Heaven and earth

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Glancing back to Sunday

Luke 21:25-36

33Heaven and earth will pass away, but my words will not pass away.

Heaven and earth won’t pass away. That’s not the meaning of Jesus’ words. The meaning of this expression in the ancient Mediterranean is simple: as impossible as it is for heaven and earth to pass away, it is more impossible for my words to pass away.

What will pass away is this age when children are found lying lifeless in the surf, and infants are buried beneath rubble. What will pass away is the world of tribal animosities and racism. What will pass away is the slash and burning of the rainforest. What will pass away at the cruel words spoken in homes and streets. What will pass away are the tears of the bereaved.

Heaven and earth won’t pass away. Neither will the words of Jesus. The words that call us to love our neighbor as ourselves. The words that speak mercy and forgiveness. The words that call for the sharing of bread and the welcoming of the outcast. The words that say “Go, therefore, and make disciples of all nations” (not “Go and make church members,” or “Go and make Christians,” but “Go and make disciples, students, followers of the way of Christ.”)

Jesus’ words will endure, the words that say “I am with you always, even to the end of the age.” This age will end. This age of warring and grasping, of greeds and sorrows, of lusts and shames – this age will pass. But the heavens and earth will endure, the handiwork of the eternal: the rising and setting of suns, the swift motion of planets, the wash of waves upon shores, the cry of the wild, the beauty of the natural world, the mystery of life, the wonder of love, the laughter of children, the bonds of affection, the truth of goodness and the goodness of truth, it will endure.

This age will pass and all its discordant cries. But the creation will endure. And Jesus’ words will endure. They speak things that are eternal. They speak harmony. They speak life.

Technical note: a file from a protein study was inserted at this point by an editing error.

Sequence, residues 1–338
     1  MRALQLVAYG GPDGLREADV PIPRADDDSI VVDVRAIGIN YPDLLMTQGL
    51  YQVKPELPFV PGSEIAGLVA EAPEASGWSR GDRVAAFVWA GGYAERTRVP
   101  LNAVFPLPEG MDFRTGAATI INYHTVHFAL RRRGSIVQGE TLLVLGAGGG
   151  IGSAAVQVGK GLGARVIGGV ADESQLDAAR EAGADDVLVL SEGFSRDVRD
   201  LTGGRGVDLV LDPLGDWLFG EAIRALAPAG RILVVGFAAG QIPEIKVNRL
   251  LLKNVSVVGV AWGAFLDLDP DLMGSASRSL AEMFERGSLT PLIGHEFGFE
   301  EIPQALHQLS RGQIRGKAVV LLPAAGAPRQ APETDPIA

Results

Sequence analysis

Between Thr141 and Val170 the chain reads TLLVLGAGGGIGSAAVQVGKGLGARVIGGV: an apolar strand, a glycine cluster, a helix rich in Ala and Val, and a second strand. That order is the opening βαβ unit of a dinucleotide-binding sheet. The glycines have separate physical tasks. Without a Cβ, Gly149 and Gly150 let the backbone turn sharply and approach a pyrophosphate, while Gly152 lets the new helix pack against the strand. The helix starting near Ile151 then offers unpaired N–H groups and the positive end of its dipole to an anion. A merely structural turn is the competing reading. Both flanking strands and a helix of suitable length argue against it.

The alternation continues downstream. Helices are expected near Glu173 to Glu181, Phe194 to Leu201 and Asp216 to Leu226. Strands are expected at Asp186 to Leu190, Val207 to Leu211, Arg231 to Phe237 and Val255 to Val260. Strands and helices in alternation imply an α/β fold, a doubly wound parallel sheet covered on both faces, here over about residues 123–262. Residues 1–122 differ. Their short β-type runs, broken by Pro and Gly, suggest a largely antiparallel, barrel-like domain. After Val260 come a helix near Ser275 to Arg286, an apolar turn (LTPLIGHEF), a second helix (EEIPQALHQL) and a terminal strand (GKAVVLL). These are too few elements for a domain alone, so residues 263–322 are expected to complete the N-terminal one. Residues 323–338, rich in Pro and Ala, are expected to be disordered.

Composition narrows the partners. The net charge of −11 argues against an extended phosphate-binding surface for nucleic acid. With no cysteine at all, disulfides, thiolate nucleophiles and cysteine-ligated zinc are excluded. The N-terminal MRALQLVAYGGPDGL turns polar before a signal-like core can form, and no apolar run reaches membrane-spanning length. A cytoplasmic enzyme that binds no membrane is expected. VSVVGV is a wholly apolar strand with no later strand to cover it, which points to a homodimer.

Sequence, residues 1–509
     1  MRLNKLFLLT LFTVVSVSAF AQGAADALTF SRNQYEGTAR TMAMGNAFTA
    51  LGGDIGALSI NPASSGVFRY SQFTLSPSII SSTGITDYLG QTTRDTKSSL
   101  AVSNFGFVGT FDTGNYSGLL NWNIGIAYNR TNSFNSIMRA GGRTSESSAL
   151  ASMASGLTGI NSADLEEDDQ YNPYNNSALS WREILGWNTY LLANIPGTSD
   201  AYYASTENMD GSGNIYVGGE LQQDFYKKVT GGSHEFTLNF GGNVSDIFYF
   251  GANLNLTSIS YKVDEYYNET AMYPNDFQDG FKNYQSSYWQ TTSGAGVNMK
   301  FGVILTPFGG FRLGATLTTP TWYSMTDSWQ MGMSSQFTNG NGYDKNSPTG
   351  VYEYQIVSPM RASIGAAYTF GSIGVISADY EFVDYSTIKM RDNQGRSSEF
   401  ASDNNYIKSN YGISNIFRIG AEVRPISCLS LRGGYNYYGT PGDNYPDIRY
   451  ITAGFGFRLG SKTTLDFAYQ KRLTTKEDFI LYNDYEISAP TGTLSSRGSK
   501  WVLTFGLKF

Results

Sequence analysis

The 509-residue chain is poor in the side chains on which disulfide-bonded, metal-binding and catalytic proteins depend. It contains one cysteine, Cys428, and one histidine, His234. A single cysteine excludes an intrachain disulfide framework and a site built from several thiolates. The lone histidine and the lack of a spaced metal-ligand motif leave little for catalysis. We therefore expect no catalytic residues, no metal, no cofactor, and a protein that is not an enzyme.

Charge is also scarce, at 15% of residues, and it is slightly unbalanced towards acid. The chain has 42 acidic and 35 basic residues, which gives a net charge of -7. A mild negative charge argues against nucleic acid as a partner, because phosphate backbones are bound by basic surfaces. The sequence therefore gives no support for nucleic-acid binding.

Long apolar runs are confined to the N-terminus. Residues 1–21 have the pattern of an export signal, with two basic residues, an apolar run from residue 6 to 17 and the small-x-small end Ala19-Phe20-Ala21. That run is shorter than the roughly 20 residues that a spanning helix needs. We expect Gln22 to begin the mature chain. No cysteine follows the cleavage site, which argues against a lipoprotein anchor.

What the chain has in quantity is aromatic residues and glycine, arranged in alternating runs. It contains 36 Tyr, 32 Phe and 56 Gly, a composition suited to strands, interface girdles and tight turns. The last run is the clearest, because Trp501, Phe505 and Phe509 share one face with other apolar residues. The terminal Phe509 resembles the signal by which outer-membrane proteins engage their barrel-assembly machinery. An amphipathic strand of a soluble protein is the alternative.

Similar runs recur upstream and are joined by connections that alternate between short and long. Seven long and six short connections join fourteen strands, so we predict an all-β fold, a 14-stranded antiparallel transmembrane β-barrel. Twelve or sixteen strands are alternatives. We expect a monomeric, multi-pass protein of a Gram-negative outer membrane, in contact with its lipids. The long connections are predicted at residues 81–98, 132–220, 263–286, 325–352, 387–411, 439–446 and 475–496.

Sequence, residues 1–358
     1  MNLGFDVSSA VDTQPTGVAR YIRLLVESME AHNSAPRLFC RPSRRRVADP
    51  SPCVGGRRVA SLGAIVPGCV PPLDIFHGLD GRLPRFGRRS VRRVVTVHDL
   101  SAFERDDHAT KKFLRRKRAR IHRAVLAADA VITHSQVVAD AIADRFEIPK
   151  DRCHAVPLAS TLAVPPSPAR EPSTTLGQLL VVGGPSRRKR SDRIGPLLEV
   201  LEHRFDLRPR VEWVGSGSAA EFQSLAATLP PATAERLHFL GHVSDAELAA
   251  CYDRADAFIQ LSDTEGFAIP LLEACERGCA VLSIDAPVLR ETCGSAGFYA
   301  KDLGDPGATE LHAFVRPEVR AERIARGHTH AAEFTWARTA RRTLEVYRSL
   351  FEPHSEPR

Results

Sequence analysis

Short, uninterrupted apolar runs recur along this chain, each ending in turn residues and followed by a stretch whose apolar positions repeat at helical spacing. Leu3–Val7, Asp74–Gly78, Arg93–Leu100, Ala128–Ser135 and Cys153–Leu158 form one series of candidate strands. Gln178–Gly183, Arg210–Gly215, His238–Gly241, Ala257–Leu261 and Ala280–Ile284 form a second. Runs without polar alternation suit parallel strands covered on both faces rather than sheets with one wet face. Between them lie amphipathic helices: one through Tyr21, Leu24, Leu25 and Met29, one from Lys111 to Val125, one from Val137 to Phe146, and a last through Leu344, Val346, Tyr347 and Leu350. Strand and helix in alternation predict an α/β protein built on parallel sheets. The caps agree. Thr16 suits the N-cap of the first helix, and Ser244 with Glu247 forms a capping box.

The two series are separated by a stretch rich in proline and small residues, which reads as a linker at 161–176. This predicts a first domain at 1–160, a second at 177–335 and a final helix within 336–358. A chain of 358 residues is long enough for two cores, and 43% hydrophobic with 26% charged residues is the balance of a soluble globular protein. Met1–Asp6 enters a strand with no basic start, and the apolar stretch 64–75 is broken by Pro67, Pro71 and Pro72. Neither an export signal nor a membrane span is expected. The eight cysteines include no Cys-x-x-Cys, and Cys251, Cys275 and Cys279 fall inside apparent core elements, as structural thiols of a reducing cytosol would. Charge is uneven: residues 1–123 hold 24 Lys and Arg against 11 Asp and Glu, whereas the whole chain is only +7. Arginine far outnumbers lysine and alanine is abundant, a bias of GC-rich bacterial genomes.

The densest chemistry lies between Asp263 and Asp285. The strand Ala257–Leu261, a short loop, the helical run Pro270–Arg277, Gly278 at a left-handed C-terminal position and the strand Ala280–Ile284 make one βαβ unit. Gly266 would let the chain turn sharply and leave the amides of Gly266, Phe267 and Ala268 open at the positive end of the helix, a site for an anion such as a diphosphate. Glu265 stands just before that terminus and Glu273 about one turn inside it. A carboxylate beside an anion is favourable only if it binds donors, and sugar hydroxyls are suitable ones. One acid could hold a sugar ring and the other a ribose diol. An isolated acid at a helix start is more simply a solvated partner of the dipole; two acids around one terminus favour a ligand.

Image: Norman McMullan [CC BY-SA 2.0 (http://creativecommons.org/licenses/by-sa/2.0)%5D, via Wikimedia Commons

That your love may overflow

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Philippians 1:3-11

“This is my prayer, that your love may overflow more and more with knowledge and full insight”

On Thanksgiving it might seem more natural to pick the opening words of our reading for Sunday: “I thank my God every time I remember you.” But Paul is not just exulting in his warm and treasured relationship with his congregation at Philippi; Paul wants them to fulfill their calling.

Christians don’t have a great reputation in the popular imagination these days. We have been seen as judgmental, even hateful. Scandals among the clergy have eroded public respect for ecclesiastical institutions. Protestors with hateful signs have fed the negative perception of Christians. And when people from other religious traditions kill in the name of God, all religious life gets discredited.

Paul is deeply attached to the community in Philippi. Though they are poor and have endured opposition, they have supported his ministry and contributed generously to his appeal for the churches in Judea suffering from famine. They have manifested the life of the Spirit that flows from an encounter with the grace of God.

But Paul is not interested in simply blessing the warm fellowship of the congregation. He aspires for them to grow ever deeper in their manifestation of the love and generosity of God. He wants love to overflow.

Congregations can become content – with their friendship with one another, with the congregational program and activities, with the worship experience and preaching – and forget to overflow to the world around them. Perhaps it is the natural drift of the human heart. Perhaps it is a misunderstanding of the faith itself. Maybe this is why Paul says love should overflow “with knowledge and full insight” – or, perhaps better, “with clear understanding and discernment.”

We need to see truly.

In a society where Christian faith tends to be seen as a means of personal enrichment rather than an enrichment of the world, it’s important to hear Paul speak about overflowing love. And though Paul talks about being “pure and blameless” in the day of Christ, it would be a mistake to think of that as a personal and private moral propriety. Pure and blameless means pure and blameless in our fidelity to God and one another.

We need to see truly. We need love to overflow. We need to let the same mind be in [us] that was in Christ Jesus.The world desperately needs a people who live in and from the mind of Christ. The world needs people in whom and through whom God is touching the world with love.

For it is God who is at work in you, enabling you both to will and to work for his good pleasure.”


Picture: By JJ Harrison (jjharrison89@facebook.com) (Own work) [GFDL 1.2 (http://www.gnu.org/licenses/old-licenses/fdl-1.2.html) or CC BY-SA 3.0 (http://creativecommons.org/licenses/by-sa/3.0)%5D, via Wikimedia Commons

The ransomed of the Lord shall return

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Isaiah 51:4-11

The ransomed of the Lord shall return,
and come to Zion with singing;
everlasting joy shall be upon their heads;